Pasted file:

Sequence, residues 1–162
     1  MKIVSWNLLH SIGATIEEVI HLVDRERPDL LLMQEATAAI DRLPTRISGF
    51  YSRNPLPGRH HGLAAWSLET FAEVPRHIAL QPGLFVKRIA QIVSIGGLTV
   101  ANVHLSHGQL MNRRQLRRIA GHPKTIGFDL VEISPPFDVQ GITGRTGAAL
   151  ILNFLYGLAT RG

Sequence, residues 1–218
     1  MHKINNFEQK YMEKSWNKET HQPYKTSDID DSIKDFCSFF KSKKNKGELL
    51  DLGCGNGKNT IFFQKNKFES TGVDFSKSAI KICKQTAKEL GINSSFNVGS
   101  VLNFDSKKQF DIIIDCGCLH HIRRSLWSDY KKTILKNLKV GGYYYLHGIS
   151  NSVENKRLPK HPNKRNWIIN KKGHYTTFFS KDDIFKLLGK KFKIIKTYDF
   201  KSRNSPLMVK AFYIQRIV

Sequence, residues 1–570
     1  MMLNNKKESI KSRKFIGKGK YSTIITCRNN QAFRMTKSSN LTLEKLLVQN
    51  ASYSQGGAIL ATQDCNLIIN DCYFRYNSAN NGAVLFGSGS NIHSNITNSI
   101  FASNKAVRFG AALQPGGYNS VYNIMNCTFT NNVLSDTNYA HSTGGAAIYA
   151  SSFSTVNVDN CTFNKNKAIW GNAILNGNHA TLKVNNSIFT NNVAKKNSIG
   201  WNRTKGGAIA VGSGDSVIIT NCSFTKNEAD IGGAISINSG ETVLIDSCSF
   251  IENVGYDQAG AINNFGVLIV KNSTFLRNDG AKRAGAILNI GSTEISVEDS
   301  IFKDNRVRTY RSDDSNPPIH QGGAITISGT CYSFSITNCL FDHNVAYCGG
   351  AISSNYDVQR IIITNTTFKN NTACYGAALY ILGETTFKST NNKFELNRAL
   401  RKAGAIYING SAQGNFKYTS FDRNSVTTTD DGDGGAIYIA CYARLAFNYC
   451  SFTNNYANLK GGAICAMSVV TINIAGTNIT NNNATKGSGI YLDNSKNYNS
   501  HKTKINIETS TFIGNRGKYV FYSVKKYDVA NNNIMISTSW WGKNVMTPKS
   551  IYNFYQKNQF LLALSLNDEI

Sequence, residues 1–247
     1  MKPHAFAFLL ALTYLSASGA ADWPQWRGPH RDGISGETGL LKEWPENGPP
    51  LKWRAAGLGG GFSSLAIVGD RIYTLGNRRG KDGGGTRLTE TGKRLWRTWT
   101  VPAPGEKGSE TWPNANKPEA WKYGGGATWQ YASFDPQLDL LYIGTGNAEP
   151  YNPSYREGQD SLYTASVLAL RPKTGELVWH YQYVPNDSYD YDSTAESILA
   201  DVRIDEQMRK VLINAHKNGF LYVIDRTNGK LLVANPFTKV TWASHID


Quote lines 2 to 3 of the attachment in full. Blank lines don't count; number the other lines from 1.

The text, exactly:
     1  MKIVSWNLLH SIGATIEEVI HLVDRERPDL LLMQEATAAI DRLPTRISGF
    51  YSRNPLPGRH HGLAAWSLET FAEVPRHIAL QPGLFVKRIA QIVSIGGLTV